On today's episode of Market Foolery, Chris Hill talks with senior analyst Jason Moser about some market news. McDonald's (NYSE:MCD) franchisees have made themselves clear: They want a premium chicken option on the menu. And really, there's no reason McDonald's shouldn't give it to them, so look out for some McBird updates on McD's next earnings call. Pepsi (NASDAQ:PEP) reports pretty rosy earnings, suggesting a smooth transition after powerhouse CEO Indra Nooyi's retirement. CVS (NYSE:CVS) partners with Teladoc (NYSE:TDOC) to offer services in eight states with high rural populations, and Teladoc is set up to shine there. Amazon (NASDAQ:AMZN) moves into the makeup market in increasingly aggressive ways, but Ulta (NASDAQ:ULTA) shareholders shouldn't get too worried just yet. Tune in to find out more.
To catch full episodes of all The Motley Fool's free podcasts, check out our podcast center. A full transcript follows the video.
This video was recorded on July 10, 2019.
Chris Hill: It's Wednesday, July 10. Welcome to Market Foolery. I'm Chris Hill, back in studio. Fortunately, here with me is Jason Moser. Thanks for being here!
Jason Moser: Hey, listen, it's a pleasure to be here. I know you probably want a couple more days of vacation, but we're glad to have you back.
Hill: It's nice to be back. I'm rested. I'm ready. And we've got a full plate. We've got earnings news, we've got healthcare, cosmetics news, we're going to dip into the Fool mailbag.
Let's start with the restaurant industry. McDonald's franchisees here in the United States want a premium chicken sandwich, and they want it right now.
Moser: Don't we all?
Hill: [laughs] Kind of. This comes from a board of an independent group of McDonald's franchisees, who published a letter saying, "A chicken sandwich at McDonald's should be our top priority." I don't run a McDonald's, but looking at the business, I think they're spot on. Yeah, this should be their No. 1 priority.
Moser: Yeah, I think so too. There's a medical term for this. It's called Chick-fil-A-phobia. That's where this stems from, is all of the success that Chick-fil-A has had through the years. We look at the raw numbers here, and now Chick-fil-A is set to become the third-biggest U.S. restaurant chain by sales, behind McDonald's and Starbucks. I guess that makes sense, but we never recognize Starbucks for the food, but whatever.
Hill: They go in the category.
Moser: They do. I think it makes a lot of sense. Now, when you think about this idea that Chick-fil-A is a much smaller concept, closing in on 2,500 stores, and that's basically just a domestic play, although they are trying to spread their wings a little bit internationally. For McDonald's, that I think they see as a tremendous opportunity, particularly if you consider the fact Chick-fil-A is closed on Sundays. And we like to make some jokes here and there about that, because imagine if they were open on Sunday, how much money they would bring in. I don't think they will open on Sundays. I don't think that matters. It's not a publicly traded company. But I think McDonald's looks at that as a big opportunity to say, hey, there are probably people out there that want a Chick-fil-A sandwich on Sunday and can't get it, so if we have a similar offering, not only does that help us on Sunday, but probably the other six days of the week, too.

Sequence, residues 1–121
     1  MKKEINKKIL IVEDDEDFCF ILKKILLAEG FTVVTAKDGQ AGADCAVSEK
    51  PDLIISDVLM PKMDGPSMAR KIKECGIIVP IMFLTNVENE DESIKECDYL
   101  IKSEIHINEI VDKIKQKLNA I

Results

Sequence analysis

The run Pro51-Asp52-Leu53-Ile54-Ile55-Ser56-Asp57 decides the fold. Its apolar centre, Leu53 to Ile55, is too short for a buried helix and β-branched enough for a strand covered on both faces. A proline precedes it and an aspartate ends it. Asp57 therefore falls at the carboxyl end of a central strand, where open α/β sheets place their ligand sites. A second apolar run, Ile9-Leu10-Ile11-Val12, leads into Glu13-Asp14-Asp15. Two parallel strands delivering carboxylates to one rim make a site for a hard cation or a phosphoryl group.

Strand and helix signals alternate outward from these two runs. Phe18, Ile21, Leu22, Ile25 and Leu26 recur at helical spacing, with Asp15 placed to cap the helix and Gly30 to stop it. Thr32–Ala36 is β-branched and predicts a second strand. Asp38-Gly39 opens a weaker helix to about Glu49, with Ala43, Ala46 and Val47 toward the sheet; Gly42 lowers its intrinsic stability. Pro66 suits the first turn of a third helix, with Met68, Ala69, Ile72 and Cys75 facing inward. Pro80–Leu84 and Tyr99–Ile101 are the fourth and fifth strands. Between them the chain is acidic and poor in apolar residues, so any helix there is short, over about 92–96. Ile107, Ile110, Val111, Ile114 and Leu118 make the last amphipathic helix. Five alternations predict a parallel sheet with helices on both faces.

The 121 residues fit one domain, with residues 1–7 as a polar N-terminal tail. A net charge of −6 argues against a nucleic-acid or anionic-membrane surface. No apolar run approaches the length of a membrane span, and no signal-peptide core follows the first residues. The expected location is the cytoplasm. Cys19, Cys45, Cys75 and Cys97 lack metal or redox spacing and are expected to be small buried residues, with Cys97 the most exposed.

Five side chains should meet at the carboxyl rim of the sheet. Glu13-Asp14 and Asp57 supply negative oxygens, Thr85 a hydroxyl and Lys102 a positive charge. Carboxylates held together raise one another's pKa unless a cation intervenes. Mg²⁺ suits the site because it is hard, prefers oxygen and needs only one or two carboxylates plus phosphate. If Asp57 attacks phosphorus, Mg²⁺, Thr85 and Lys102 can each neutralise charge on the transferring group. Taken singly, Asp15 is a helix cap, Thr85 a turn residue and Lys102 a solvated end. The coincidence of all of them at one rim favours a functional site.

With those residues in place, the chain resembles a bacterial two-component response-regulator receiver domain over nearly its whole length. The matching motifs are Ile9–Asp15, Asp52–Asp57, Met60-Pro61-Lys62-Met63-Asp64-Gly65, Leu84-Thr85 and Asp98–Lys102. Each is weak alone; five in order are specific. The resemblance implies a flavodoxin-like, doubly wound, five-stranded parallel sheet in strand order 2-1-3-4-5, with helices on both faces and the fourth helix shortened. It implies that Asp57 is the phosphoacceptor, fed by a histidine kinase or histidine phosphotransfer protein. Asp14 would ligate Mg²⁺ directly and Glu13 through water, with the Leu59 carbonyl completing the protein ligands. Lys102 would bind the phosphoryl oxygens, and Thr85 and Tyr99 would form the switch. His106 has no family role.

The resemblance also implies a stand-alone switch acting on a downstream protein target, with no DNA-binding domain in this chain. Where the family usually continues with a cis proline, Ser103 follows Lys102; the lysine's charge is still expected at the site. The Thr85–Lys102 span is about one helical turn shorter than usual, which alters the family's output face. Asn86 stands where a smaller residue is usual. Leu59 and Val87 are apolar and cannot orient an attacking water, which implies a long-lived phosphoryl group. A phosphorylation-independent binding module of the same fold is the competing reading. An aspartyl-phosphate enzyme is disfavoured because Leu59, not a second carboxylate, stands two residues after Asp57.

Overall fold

Hill: Well, you think back a few years, when they were debating internally the idea of breakfast all day. We were sitting here in this studio, and we were not alone, there were plenty of people who looked at this and said, "That's a no-brainer. Of course you should do that, make that happen." This idea seems exactly the same to me. When I saw this letter from this independent board, which I believe just started up last year, an independent board of franchisees here in the United States, I looked at it and thought, "Yeah, that absolutely makes sense." I'm assuming Easterbrook is going to get asked this on the next conference call. And he'd better have a good answer. I say that like he hasn't done a good job running the company. He's done a very good job ever since he became CEO.
Moser: No question.
Hill: So, I expect this to be put in motion and executed.
Moser: I would imagine so. Again, I think when you look at the success that McDonald's has had to this point here with Steve Easterbrook, a lot of that is around menu innovation, catching the company up with today's technology. I think when you look at where people are eating, you're getting that boots-on-the-ground research from the franchisees. This isn't one executive at McDonald's saying, "Oh, we should try this." This is a collective of a lot of people that are running these stores on a daily, weekly basis. They're able, I think, to give a little bit more relevant feedback and insight as to what customers want. Listen, you drive by any Chick-fil-A, and it seems like at any time of the day, the drive-thru is backed up and the stores are packed. That's for a reason. Certainly, it makes perfect sense to see McDonald's -- and honestly, all of these restaurants should be looking at this as an opportunity, figuring out ways to change their menu up, bring something new to the table. In this case, again, I go back to the big opportunity there in that, hey, if you bring some type of the Chick-fil-A offering to your store, and you can offer it on a Sunday, where you can't go get it elsewhere, that probably is going to bring in a few incremental sales there. That is never a bad thing when it comes to restaurants.